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Research

The importance of research as society reopens

As COVID-19 restrictions ease, it’s vital to keep your finger on the pulse of your audience’s behaviour and attitudes, helping inform the way you should communicate and tailor your offer. And the best way to understand those all-important emotions at this emotion-charged time is by hearing and watching people talk about how they feel.
Sophie High
April 22, 2021

We’ve all experienced varying degrees of constraints on our freedom and enforced changes to our lifestyles over the past year. For some this has meant being shut away for months on end, while some people’s jobs have required them to mingle with others as much as ever. Whichever situation applies to us, our reactions to lockdown have differed: at one end of the spectrum there has been fear and frustration, while for other people there has been relief and even enjoyment. So now, as society’s rules and expectations begin to change once again and we re-emerge blinking into a new reality, we can expect that there will be a range of emotions and reactions associated with it. 

For businesses and organisations, the question is how to respond to a complex mix of attitudes. Behaviour in the coming months will be shaped by emotions, personal values, financial security and work requirements, so it’s worth considering what characterises your target audience in each of these areas.

Mental health organisations like Mind report that emotions surrounding easing of COVID restrictions vary hugely. There is obviously a lot of anxiety and stress around, but other feelings will also affect how people conduct their lives. Will anger – at governments, or at people who don’t follow rules, for example – ultimately mean that people’s voting patterns change, or that they avoid being around people with differing views to their own? Will a lack of motivation after weeks in lockdown mean some people feel uncertain about social gatherings or visiting restaurants, museums, theme parks, cinemas and other places that entail spending money and boosting the economy? 

Personal values may well have changed over the course of the pandemic. As our world shrank and we found ourselves spending more time in our immediate locality, many people discovered new hobbies, often homely or inspired by nature (baking, crafts, DIY, more reading, gardening, birdwatching). Will people continue with these newfound interests or will they ditch them as soon as the restaurants and bars open? Similarly, will the increased support of local and independent businesses continue, or will people revert to the convenience of Amazon once their lives become busier? Research by Barclaycard Payments in the UK suggests almost two thirds of British people shopped locally over the past year and nine out of ten of those say they will continue to do so, so this could represent a major shift in retail spending behaviour. The same research showed that as well as increased home deliveries, a ‘come to me’ service that allows people to try on clothing and return it immediately to the delivery person if it doesn’t fit has become popular, as have digital payments and dine-at-home restaurant kits, all of which could impact business strategy and profits.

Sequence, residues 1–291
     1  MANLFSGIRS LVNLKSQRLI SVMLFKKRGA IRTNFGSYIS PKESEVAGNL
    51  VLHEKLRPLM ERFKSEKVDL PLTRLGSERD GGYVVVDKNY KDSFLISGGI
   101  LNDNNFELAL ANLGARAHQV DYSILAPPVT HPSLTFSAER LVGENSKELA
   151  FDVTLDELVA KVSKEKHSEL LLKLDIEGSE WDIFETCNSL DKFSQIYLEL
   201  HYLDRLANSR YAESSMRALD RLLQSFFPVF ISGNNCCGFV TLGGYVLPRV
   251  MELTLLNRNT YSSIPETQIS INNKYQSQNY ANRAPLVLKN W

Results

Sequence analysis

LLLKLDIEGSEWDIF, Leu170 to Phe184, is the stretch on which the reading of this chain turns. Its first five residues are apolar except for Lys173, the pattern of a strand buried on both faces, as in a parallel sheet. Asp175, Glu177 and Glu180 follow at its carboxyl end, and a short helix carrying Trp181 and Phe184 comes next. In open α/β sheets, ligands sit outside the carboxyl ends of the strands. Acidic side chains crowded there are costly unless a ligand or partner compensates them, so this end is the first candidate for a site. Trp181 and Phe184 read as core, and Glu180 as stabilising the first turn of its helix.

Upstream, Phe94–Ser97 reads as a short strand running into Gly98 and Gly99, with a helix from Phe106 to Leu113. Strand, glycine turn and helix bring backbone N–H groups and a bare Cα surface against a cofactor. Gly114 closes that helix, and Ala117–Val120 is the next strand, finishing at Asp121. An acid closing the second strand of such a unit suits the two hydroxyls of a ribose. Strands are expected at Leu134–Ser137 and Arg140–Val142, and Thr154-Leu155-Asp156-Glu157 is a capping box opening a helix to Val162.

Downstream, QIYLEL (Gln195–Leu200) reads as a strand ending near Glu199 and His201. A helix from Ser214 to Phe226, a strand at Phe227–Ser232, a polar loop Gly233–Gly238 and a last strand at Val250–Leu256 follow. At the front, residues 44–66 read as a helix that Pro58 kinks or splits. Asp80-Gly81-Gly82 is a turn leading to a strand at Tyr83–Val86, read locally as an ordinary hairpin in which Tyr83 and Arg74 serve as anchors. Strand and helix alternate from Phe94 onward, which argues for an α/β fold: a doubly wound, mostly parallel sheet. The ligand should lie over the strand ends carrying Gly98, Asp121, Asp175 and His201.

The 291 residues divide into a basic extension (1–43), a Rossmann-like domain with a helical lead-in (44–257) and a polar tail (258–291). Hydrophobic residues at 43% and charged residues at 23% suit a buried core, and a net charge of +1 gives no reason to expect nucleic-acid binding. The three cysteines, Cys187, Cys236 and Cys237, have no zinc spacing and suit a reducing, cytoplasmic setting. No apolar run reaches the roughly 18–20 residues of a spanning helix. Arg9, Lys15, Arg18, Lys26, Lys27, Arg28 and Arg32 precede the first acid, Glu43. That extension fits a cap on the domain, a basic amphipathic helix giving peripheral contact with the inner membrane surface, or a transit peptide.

This is all well and good, but people can’t spend if they don’t have the disposable income. Situations will differ by household of course, and job losses or increased savings over the past year will continue to determine spending, but the good news from GfK’s recent Consumer Confidence Index is that UK consumers are feeling buoyed by the recent budget and vaccination progress. This in turn makes them feel their personal financial situation is secure or will improve, and even if they are not comfortable enough to visit stores in person, they will at least be willing to splash out on bigger purchases.

Many people’s working patterns have changed over the past year, the most noticeable shift being working at home. But while some businesses are keen to capitalise on the increased productivity that working from home has brought - as well as slash their overheads by reducing office space - other companies are keen for their staff to return to the office, or to create a hybrid arrangement that extracts the most from face-to-face contact and lone working. Clearly public transport services and retail will need to review their business plans if commuting decreases, but how will it have a bearing on other areas of people’s lives – for example physical and mental health, and how they use (and spend during) their free time?

Whichever business you’re in, from retail and consumer goods to events, health services, travel, office space or not-for-profit, it’s going to be vital to keep your finger on the pulse of your audience’s behaviour and attitudes over the coming months. The way you communicate with and tailor your offer to those who are desperate to throw themselves into their previous lives will be very different from how you interact with those who are more reticent. And the best way to understand those all-important emotions at this emotion-charged time is by hearing and watching people talk about how they feel. Video surveys from Plotto offer you this, with advanced tools such as sentiment and facial emotion analysis to add further depth to your understanding, so get in touch with us to see how we can help you get the most from your business at this important time.